Bitlancer developer Jesse Cotton is a long-time denizen of “Planet Puppet,” but has worked on some Chef projects as well. Recently Jesse took the lead on a Chef engagement for the first time and really dug into its capabilities. Here are Jesse’s thoughts on what that process has been like.
Overall impressions Chef is overall a solid configuration management tool with a strong community that deserves its place as one of the most popular options out there.
Biggest challenges The folks who develop Chef have not kept up with the evolving needs of its fast-paced user community. So different people advocate different “best practices”-when really there is no one “right answer.” As a result, there is a good bit of conflicting information and documentation online around implementing Chef.
Tips on getting started with Chef As I mentioned, there is a fair amount of confusion within the Chef community on how to deal with some of Chef’s inherent weaknesses. The Environment cookbook pattern versus Chef’s new policyfiles feature (still in preproduction) is an example of the fast-moving Chef community taking matters into its own hands before the implementers got around to offering a solution.
Because of these sometimes conflicting recommendations around critical issues, it makes sense to setup a Chef environment and experiment with it before choosing a path. Implement various suggestions and see how things play out. When you run into questions or problems, refer to the documentation and online community information.
I also found it useful to sketch out at a high level how I wanted to set things up, and how I planned to address key issues like Environments, before I started doing a lot of coding. Otherwise you’re likely to stumble upon issues and end up backtracking and choosing a different approach.
As an experienced Puppet developer, I see a lot that’s similar between Puppet and Chef. Getting your hands dirty by setting up a Chef environment and deploying a web server or whatever just to see what’s involved will help you get a sense of what’s familiar and what’s new for you.
Chef versus Puppet Its simplified domain specific language (DSL), plus the ability to mix Ruby code straight into your cookbooks, makes Chef more natural to pick up than Puppet if you come from a development background. It results in more elegant and readable code than you’re likely to end up with using Puppet. Also I like the Chef toolsets: knife, berkshelf, berkflow and chefdk.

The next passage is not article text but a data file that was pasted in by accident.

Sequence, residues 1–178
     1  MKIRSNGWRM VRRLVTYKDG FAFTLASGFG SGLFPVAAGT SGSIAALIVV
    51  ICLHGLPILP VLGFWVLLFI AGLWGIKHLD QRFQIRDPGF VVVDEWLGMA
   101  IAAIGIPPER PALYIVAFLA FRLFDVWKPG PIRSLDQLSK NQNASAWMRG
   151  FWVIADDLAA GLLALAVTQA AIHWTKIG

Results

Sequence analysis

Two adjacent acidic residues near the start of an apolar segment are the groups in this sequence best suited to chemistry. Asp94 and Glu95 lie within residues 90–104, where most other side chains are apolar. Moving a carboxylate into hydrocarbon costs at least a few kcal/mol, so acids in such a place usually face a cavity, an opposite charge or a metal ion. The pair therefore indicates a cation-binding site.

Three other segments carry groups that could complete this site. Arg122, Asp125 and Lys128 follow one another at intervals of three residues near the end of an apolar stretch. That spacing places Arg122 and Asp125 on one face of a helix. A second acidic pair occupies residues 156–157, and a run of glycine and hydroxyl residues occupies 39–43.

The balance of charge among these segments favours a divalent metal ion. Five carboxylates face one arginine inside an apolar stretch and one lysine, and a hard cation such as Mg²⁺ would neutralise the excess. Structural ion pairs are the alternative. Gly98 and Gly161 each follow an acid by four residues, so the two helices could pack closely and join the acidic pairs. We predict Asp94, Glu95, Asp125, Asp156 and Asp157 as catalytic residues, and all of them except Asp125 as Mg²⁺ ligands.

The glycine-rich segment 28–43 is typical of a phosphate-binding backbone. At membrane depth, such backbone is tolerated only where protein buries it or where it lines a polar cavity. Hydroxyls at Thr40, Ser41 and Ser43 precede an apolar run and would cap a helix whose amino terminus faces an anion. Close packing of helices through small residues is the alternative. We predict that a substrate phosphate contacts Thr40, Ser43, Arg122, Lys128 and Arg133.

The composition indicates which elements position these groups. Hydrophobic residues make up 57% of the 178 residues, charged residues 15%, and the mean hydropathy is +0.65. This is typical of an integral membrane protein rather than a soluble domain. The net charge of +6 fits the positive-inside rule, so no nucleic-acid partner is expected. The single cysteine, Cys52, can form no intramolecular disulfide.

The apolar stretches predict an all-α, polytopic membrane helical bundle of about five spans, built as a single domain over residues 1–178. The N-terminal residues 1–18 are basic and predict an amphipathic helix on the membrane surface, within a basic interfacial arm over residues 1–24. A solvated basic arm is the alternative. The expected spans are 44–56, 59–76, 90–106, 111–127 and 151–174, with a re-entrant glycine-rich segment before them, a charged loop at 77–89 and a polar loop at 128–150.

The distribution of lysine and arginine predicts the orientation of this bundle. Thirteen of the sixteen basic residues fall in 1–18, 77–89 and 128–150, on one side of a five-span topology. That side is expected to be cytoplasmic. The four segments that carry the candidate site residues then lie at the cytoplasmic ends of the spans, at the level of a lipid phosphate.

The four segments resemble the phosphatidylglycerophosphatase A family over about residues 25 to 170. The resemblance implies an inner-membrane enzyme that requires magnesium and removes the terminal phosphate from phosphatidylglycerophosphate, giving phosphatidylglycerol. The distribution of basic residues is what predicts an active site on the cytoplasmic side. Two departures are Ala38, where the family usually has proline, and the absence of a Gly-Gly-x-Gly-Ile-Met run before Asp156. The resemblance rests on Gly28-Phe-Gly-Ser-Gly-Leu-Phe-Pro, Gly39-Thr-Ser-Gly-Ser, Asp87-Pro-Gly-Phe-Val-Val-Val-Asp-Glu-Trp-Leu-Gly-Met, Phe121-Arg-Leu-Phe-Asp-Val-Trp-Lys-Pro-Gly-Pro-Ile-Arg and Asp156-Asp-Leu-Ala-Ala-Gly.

Extending Chef (that is, implementing custom resources) is much easier and more straightforward than when using Puppet’s types/providers framework, which I really dislike. It’s nice to just write Ruby code to setup the configuration for a new technology, for instance-for me as a developer, at least.
On the minus side, handling configuration data in Chef is very painful compared with Puppet. You can use attributes within a cookbook, or you can use data bags, which amounts to a very simple configuration database. Either way you end up adding logic to your cookbook to detect and implement configuration conditions, while the Puppet framework mostly handles that for you. Chef needs a hierarchical database capability similar to what Heira brings to Puppet.
Another thing I dislike about Chef is its “cute” cooking-centric jargon. Test kitchens, cookbooks… It would be easier to learn Chef if it had more functionally oriented naming conventions. But once you’ve learned Chef that’s less of an issue.
Key takeaways Whether your team ends up implementing Chef or Puppet, either way you’re doing a good thing in terms of enabling the consistent deployment of servers and applications in the cloud. If your team has a strong development skill set, I recommend Chef over Puppet because of its configurability. If you’re hoping to leverage operational skills for configuration management, Puppet might be a better choice given its easier learning curve.